Complementary and Alternative Medicine: Tapping into the Body’s Natural Healing Abilitysam
by Kray Kibler
With rising healthcare costs, the surge of Baby Boomers heading into retirement, and the growing number of Americans with chronic disease, Complementary and Alternative Medicine (CAM) – once confined to realms outside of mainstream, Western medicine – has become one of the fastest growing healthcare fields in the country.
CAM encompasses a wide array of healthcare practices, products and therapies that are distinct from those used in conventional medicine. Some forms of CAM, such as traditional Chinese medicine, massage therapy, and Ayurvedic medicine, have been practiced for centuries, while others, such as chiropractic, laser therapy and electrotherapy, are more recent in origin.
CAM therapies emphasize the natural healing ability of the body versus the emphasis on technology for healing in conventional medicine, treating the whole person and emphasizing prevention. A growing number of traditional healthcare professionals have begun to integrate CAM into their treatment programs for its proven benefits, including pain and injury prevention, post-surgical treatment and non-invasive pain relief. For instance, the Mayo Clinic has incorporated massage therapy into post-surgical treatment.[i]
CAM: more popular now than ever before
About 40 percent of Americans use CAM for specific conditions or overall well-being.[ii] By encouraging health and wellness, and ownership of healthcare costs, healthcare reform has played a role in prompting more consumers to turn to CAM options in combination with conventional medicine. CAM approaches tend to be less reliant on surgery and medication than traditional healthcare options.
CAM’s growing popularity has given rise to new technologies, such as low-level laser therapy, which is used in chiropractic, physical therapy, sports medicine and, increasingly, in mainstream medicine. This therapy fosters wound healing and tissue regeneration, relieves pain and inflammation, prevents tissue death and reduces degeneration in many neurological issues.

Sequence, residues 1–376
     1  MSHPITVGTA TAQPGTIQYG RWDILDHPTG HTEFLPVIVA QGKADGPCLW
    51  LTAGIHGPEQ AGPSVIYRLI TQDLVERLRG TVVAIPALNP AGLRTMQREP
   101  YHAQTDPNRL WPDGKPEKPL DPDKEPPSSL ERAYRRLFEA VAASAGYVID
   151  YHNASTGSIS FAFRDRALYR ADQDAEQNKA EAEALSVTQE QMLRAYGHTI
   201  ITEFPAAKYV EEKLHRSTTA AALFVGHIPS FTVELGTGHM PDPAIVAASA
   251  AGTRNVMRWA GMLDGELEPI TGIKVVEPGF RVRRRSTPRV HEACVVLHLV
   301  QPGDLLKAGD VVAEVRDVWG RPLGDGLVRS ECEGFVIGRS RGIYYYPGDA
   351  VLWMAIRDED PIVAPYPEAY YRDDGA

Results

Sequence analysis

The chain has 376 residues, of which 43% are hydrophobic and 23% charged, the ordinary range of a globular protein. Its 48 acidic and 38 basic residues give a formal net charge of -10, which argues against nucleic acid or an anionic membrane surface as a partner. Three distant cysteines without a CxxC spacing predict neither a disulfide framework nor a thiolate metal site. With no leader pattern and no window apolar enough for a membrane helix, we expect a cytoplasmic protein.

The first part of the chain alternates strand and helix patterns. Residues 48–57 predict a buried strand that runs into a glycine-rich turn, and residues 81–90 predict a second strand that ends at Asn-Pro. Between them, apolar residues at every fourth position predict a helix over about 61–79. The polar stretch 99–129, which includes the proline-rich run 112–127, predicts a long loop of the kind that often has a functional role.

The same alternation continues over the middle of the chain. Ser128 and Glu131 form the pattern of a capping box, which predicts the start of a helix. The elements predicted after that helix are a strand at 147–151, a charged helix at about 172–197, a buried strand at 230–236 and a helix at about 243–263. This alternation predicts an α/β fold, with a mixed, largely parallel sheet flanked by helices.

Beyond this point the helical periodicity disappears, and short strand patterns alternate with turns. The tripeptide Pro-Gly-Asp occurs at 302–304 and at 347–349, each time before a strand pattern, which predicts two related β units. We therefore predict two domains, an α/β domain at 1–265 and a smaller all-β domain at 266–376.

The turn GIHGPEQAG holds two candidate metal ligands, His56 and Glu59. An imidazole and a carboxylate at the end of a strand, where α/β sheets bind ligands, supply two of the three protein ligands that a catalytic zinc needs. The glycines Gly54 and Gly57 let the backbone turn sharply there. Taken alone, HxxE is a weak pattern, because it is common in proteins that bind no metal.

For physical therapy practices, integrating lasers can provide patients with a natural, non-invasive solution that fits every stage of care, accelerating pain relief and healing with no side effects or risk of addiction to painkillers.
Other innovative products have been developed for massage therapists, physical therapists, occupational therapists and athletic trainers, including high quality equipment, supplies and life-enhancing products – and seem poised to change the face of healthcare. CAM also includes herbal medicines, botanicals and probiotics in the form of dietary supplements.
What are the benefits of massage therapy, chiropractic and acupuncture?
Massage Therapy – Studies show that massage therapy (MT) increases endorphins and serotonin, chemicals that act as natural painkillers and mood regulators. MT also reduces the stress hormone cortisol, and turns off genes associated with inflammation and its associated pain, which in turn relieves muscle soreness.[iii] Moderate to deep pressure massage can regulate heartbeat, helping with everything from depression relief to weight gain in premature infants. Studies also show that massage helps reduce anxiety, pain and nausea in cancer patients by 44 percent, and also raises the level of cancer-fighting white blood cells.[iv]
Chiropractic – More than 30 million Americans suffer back pain, and an estimated 80 percent will suffer from it at some time in their life. Chiropractic treatment of neck pain provides more relief than over-the-counter drugs like aspirin and ibuprofen. In one study, after 12 weeks of treatment more than half treated reported at least 75 percent reduction in pain compared with one-third in the drug group. A year later more than 50 percent of those treated with chiropractic reported significant decrease in pain. Meanwhile the patients taking pain killers had upped their dosage during the same period.[v]
Acupuncture – Acupuncture has been studied for a wide range of pain conditions, such as post-operative dental pain, carpal tunnel syndrome, fibromyalgia, headache, low back pain, menstrual cramps, myofascial pain, osteoarthritis and tennis elbow.[vi]